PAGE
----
Intelligencer Journal/Lancaster New Era
Historic building? Just tear it down Federal, state and local officials had three options of what to do with a century-old rail freight station in Elizabethtown:
·Turn it into a historic museum, surrounded by a parking lot for the town's restored Amtrak station.
·Move it down a freight rail line to another borough-owned property.
·Move it even farther down the line to the property of White Oak Mills, an animal feed mill that pledged to restore the building and use it to store records.
Faced with these three competing but plausible alternatives, federal, state and local officials chose a fourth option: destroy the building.
"I just don't get it,'' said Kathleen Forney, president of the Elizabethtown Historical Society, which had promoted the museum plan.
How could anyone "get it''? Three options for preservation and government chooses a fourth: destruction?
Elizabethtown Borough Council joined the Federal Transit Administration and the Pennsylvania State Historic Preservation Office in signing off on the deal.
But the demolition must be "mitigated.'' Mitigation, in this case, means that the doomed building's history must be fully documented.
Some mitigation: trading a few pages of historical notes for a historic building.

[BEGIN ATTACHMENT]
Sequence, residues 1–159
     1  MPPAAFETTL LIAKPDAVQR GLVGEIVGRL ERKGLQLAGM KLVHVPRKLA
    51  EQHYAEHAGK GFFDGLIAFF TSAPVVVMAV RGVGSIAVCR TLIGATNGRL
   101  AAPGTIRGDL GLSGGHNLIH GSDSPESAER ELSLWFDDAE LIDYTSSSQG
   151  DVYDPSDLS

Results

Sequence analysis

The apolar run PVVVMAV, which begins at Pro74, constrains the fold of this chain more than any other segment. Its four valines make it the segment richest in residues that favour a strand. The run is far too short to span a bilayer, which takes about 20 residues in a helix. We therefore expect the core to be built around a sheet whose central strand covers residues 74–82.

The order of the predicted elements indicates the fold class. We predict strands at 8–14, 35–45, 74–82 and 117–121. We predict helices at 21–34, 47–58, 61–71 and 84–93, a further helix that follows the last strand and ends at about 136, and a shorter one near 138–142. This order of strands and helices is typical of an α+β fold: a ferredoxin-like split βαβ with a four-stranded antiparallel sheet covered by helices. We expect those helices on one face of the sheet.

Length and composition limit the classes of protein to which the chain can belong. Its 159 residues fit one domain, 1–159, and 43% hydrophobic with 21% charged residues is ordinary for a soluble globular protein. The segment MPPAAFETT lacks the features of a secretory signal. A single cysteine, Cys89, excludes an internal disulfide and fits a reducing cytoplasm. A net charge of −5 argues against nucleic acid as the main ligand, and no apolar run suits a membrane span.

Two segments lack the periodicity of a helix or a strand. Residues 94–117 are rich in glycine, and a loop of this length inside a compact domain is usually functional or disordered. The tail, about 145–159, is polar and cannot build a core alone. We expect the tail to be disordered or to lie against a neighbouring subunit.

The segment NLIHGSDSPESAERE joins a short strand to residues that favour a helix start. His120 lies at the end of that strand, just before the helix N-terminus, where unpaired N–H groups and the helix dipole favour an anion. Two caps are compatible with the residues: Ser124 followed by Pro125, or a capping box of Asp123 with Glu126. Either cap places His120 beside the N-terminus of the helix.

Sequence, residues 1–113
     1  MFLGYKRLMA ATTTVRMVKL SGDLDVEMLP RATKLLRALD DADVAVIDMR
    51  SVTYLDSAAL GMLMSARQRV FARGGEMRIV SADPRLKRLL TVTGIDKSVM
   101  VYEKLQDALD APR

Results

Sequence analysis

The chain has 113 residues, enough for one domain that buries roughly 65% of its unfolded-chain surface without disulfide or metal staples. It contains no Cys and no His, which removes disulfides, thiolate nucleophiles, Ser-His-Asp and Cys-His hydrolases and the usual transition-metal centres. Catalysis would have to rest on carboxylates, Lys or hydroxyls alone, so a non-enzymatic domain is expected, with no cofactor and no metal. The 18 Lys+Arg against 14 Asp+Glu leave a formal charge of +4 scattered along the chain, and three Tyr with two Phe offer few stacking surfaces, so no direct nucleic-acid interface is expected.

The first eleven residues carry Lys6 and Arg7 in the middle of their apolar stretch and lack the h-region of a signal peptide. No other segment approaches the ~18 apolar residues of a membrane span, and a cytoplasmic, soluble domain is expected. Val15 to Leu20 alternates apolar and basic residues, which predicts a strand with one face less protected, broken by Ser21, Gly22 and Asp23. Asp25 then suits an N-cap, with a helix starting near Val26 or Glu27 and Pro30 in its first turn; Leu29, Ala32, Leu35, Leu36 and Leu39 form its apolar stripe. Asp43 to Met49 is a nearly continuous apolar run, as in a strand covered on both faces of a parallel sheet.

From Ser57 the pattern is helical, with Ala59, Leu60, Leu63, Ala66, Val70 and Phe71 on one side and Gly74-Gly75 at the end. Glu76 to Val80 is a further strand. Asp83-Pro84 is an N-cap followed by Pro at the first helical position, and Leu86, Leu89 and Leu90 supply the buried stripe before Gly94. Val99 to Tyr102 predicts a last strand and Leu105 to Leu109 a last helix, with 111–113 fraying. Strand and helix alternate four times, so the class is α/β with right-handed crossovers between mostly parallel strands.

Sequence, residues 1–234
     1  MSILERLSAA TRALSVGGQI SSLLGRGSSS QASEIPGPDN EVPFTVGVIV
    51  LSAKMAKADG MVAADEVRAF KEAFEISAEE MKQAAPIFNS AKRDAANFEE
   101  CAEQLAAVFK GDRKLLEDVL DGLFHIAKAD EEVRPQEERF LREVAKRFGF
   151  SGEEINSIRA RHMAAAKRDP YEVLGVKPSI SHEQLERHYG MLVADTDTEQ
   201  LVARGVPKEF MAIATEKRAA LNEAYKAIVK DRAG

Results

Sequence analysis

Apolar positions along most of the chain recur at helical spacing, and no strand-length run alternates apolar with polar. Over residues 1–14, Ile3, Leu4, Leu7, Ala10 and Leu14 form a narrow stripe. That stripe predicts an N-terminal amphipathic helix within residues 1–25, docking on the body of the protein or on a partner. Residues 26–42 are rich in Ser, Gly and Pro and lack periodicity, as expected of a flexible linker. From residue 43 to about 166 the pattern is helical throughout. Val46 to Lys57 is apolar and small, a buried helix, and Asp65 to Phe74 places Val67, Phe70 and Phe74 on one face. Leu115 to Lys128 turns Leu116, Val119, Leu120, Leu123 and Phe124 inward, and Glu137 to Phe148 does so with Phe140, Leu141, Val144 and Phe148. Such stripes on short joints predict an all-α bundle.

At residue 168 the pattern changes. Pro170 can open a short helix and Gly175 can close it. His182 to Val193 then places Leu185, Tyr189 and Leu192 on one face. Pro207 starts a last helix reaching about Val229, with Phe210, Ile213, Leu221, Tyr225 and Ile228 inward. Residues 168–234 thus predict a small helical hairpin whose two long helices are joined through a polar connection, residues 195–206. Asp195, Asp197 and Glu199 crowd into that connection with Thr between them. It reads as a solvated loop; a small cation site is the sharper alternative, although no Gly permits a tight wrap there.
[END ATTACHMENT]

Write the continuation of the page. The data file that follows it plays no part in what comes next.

Constructed by the Pennsylvania Railroad in 1912 to handle light freight, the Railway Express Agency station operated from 1929 to 1972. Everything from locally-manufactured shoes to chocolate bars was dispatched from that station.
The historical society said there are no other Railway Express Agency museums in the country and had begun collecting artifacts to fill the building. Projected cost to renovate the modest facility: an equally modest $10,000.
The town's original plan was to demolish the structure to allow more space for parking for the Amtrak station. Then the Pennsylvania Historical and Museum Commission determined the building was historic, necessitating additional thinking.
Thus, the three alternatives.
But somehow, over the past few months, representatives of local, state and federal governments determined, without informing anyone else, to go back to the original plan.
Somehow the state changed its mind on the historic value of the building. The feds, who are paying muh of the bill for the parking lot, apparently didn't care. The town council simply wanted the building out of the way.
So a historic freight station that might have become a unique museum drawing railroad history enthusiasts to Elizabethtown will be replaced by a handful of parking spaces. It won't even be preserved at an obscure location.
This is government action that can only be characterized as ill-advised.
The state Historical and Museum Commission, especially, should be embarrassed by the outcome.
Faced with three alternatives, federal, state and local officials chose a fourth option: destroy the building.